b. MT-2. The 2D6 is “11” and with modifications (Heavy EAR +1, Good Close Escort -3). The final result is “9 – 2 Waves.”

First Wave

a. CT-A: “10” with no modifications on 7/43: FW 190A-6

b. CT-1a, Position: (D6 & D6) “45 – 7 o’clock.”

c. CT-1b, Altitude: (D6) “1 – High.”

d. Place the 190A-6 Counter on the Combat Board at 7 High.

e. CT-3, Fighter Cover (D6): “4” +2 for Good Close Escort – Attacking Fighter Damaged! I roll D6 again. “4” the fighter is Seriously Damaged (SD). I place a Serious Damage on the Fighter Counter.

f. CT-2a, Fighter Pilot Status (2D6): “6” and -1 for the Damage Counter. The result is Kaczmarek, which means that this fighter does not attack my bomber. It has his sight on another ship, has already attacked, or it may be breaking off because of its damage. He is at 7 High and is with the Field of Fire for my Top Turret and Tail Guns(see CT-4b, B-26 Gunner Field of Fire). I can fire at this fighter or elect to conserve ammo. My guns may jam if I chose to Spray Fire. If I miss this one I have wasted ammo, but if I hit my gunner may shoot it down and be a step closer to becoming an Ace.

g. I place the Top Turret Fire! And Tail Guns Fire! Counters on the 190A-6. At this point I must decide if I should fire Spray Fire of a more accurate burst.

h. This attacker is a Kaczmarek and is not attacking my ship. The tail guns fires, but my top turret gunner is searching for other targets.

a. CT-4a, B-26 Gunner To Hit. I need a “7” on 2D6 to hit a fighter at 7 High with my Twin. 50s. “3 – Miss!” Combat is over. (If this was not a Kaczmarek, or Basic Game Play, the Bandit would fire.)

Second Wave

a. CT-A: Me 109G-6

b. CT-1a (D6 & D6) & b (D6): 12 o’clock low

c. Place the 109G-6 counter at 12 low on the Combat Board.

d. CT-3, Fighter Cover (D6): “1” +2 for Good Close Escort – “3 – No effect.”

e. I place the Flexible Nose Gun Fire! Counter and a Spray Fire counter on the 109G-6

f. CT-2a, Fighter Pilot Status (2D6): “10 – Average.” This Bandit will attack my ship!

g. Defensive Fire - Spray Fire. Mark off one box per fighter and one box per altitude. I also mark off two extra boxes to increase To Hit and Damage.

a. CT-4c, Damage on Fighter – SPRAY (2D6): “5” +2 for two extra Ammo Boxes “7 – Light Damage!” I place a Light Damage (LD) counter on the Bandit.

h. Offensive Fire

a. CT-5a, Enemy Fighter To Hit. From 12 low the fighter needs “8” on 2D6 to hit my ship. “9” and -1 for LD – “8 – HIT!”

b. CT-5b, Hits on Bomber (2D6 on 12 High & Low): The 109G-6 has +0 Hits, but it also fires a 30mm cannon. I roll first for the MGs. “7 – 2 (a)” (a) if ACE this is Walking Hits). I take two hits.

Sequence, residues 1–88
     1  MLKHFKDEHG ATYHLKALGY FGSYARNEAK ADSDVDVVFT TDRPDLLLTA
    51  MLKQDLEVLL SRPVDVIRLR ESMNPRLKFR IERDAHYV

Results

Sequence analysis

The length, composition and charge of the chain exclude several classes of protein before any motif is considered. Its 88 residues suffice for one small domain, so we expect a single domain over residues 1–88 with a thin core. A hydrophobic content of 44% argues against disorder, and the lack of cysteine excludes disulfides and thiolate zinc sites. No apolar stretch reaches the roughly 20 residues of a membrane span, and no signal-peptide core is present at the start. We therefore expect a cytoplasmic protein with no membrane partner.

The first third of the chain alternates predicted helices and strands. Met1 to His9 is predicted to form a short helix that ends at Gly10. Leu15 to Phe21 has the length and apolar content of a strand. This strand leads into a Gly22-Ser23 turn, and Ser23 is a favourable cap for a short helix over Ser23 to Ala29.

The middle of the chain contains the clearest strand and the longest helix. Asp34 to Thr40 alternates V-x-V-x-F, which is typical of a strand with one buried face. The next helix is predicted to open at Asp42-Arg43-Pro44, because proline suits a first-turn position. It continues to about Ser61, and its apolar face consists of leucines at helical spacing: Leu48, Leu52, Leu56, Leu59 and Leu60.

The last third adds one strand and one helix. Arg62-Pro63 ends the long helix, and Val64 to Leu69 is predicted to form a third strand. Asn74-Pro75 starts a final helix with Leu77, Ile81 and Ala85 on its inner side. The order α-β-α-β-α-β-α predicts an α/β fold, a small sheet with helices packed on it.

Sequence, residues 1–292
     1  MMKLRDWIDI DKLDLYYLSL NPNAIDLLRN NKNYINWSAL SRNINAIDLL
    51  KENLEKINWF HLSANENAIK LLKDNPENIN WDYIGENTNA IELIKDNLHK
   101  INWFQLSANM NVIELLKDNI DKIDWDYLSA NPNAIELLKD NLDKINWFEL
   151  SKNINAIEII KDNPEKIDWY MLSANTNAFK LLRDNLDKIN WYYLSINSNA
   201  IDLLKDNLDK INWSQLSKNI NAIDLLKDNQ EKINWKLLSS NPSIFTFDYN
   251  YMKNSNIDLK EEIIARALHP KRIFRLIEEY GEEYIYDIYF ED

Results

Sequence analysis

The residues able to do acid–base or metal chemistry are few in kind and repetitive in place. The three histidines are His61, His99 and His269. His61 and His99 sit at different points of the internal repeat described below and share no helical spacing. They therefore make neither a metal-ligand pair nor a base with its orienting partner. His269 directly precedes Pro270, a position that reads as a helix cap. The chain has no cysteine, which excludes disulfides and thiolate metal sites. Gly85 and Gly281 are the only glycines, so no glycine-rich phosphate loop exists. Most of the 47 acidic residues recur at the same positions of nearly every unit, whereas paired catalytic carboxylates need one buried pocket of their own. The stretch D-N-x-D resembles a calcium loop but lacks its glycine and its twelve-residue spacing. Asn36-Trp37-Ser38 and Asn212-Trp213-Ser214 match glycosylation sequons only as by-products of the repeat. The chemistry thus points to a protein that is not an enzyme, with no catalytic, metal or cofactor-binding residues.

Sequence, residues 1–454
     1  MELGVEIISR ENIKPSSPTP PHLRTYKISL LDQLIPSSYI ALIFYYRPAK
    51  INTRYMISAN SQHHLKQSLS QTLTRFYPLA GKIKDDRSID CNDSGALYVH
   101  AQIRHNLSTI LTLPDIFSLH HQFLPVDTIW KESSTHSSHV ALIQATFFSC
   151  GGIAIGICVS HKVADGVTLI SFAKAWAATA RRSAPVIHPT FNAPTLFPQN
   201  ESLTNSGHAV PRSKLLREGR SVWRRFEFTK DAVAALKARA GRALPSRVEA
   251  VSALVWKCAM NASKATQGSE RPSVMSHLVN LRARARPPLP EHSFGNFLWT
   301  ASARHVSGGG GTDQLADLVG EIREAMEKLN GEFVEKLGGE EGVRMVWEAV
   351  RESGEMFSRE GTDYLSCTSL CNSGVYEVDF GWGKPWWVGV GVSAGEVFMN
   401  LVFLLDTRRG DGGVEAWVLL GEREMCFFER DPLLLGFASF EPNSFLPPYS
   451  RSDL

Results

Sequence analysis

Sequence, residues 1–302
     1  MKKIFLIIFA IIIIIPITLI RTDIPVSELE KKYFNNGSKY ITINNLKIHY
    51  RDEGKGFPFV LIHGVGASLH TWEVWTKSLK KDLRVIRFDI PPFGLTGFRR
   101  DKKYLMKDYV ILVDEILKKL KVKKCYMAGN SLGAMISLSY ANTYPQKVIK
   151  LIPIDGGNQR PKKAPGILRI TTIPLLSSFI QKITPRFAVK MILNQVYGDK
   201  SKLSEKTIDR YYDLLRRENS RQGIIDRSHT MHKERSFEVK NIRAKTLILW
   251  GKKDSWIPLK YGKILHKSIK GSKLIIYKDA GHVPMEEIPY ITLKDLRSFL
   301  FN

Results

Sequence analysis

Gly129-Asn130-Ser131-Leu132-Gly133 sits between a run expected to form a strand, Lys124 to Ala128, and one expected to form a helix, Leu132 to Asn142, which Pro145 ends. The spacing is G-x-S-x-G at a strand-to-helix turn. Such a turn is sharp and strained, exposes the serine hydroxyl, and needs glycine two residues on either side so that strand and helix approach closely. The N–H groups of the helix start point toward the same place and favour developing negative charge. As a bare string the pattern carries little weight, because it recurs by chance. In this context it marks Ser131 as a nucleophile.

c. CT-5c, Area Hit (2D6 on 12 Low): “3 – Left Wing; 9 – Pilot Compartment.”

d. 30 mm Cannon. The 109G-6 rolls once on TZ-3a, Flak To Hit (the Me 262 rolls four times) on Fair/30mm. “7 – Hit!”

i. TZ-3b, Number of Hits (2D6): “10 – 3 Hits.”

ii. CT-5c, Area Hit from 12 Low. “7 – Radio Room; 6 – Aft Bomb Bay/Armorer’s Station; 9 – Pilot Compartment.”

e. Now I’ll check what the damage is. I roll 2D6 on the Damage Tables (DT-1 to 9):

i. DT-6, Wings (Left): “8 – Engine” and I must roll 2D6 again. “4 – Superficial Damage. I place a Superficial Damage Counter on the Engine #1. (Five Superficial Damage Counters are included. The fifth has a green border. Visible External Damage is shown by a counter with a green border. A fighter will make a Successive Attack if it has hit the bomber and a damage counter for visible external damage is placed on the Combat Board.)

ii. DT-2, Pilot Compartment: “8 – Superficial Damage.” I place the second Superficial Damage Counter the B-26 on the Combat Board.

iii. DT-4, Radio Room: “9 – Superficial Damage.” The third Superficial Damage Counter is placed on the Radio Room.

iv. DT-7, Aft Bomb Bay/Armorer’s Station: “9 – Oxygen System.” This equipment was usually not installed on the B-26, so this is Superficial Damage. The fourth Superficial Damage is now on the B-26.

v. DT-2, Pilot Compartment: “6 – Nose Wheel.” I roll D6: “4 – Wheel Punctured.” This will affect my landing.

f. The fighter breaks away into a Vertical Climb Position (but is diving). I can’t fire a Passing Shot as I have no gunner able to fire from the Ventral Gun.

g. I have no Visible External Damage, the Bandit does not make a Successive Attack. Combat is over.

Turn 7 - Zone 1 Return
I now move into Zone 1 and roll on MT-1a. “12 – Mechanical Failure.” I am directed to MT-1g, Mechanical Failure and I roll 2D6: “5 – Intercom Out.” This may affect the mission during combat.

There is a GAZ (Gazetteer) Mod in this Zone, so I roll on MT-2 to check for fighters. With modifications (Heavy EAR +1, Good Close Escort -3) the final result is 0. No fighters attack.

Turn 8 - Zone 0 Return.
Time to land.

a. MT-1a: “7 – NA.”

b. Landing Table 1a (LT-1a), Landing on Land: “7” and with modifications (-1 for punctured nose wheel, +0 Pilot Skill, -1 for B-26 Model Landing Modifier, the final result is “5 – Landing OK!”